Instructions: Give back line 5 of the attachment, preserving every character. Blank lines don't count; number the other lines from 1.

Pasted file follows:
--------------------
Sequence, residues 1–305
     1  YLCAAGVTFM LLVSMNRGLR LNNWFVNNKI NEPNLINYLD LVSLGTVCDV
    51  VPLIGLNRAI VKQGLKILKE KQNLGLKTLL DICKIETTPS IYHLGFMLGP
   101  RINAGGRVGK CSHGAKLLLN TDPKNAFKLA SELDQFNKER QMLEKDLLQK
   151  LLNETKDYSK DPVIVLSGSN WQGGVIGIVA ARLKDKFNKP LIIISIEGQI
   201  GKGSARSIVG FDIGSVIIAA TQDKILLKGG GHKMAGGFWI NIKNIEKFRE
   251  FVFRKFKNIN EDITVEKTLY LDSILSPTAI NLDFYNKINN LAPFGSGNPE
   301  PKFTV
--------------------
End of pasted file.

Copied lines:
   151  LLNETKDYSK DPVIVLSGSN WQGGVIGIVA ARLKDKFNKP LIIISIEGQI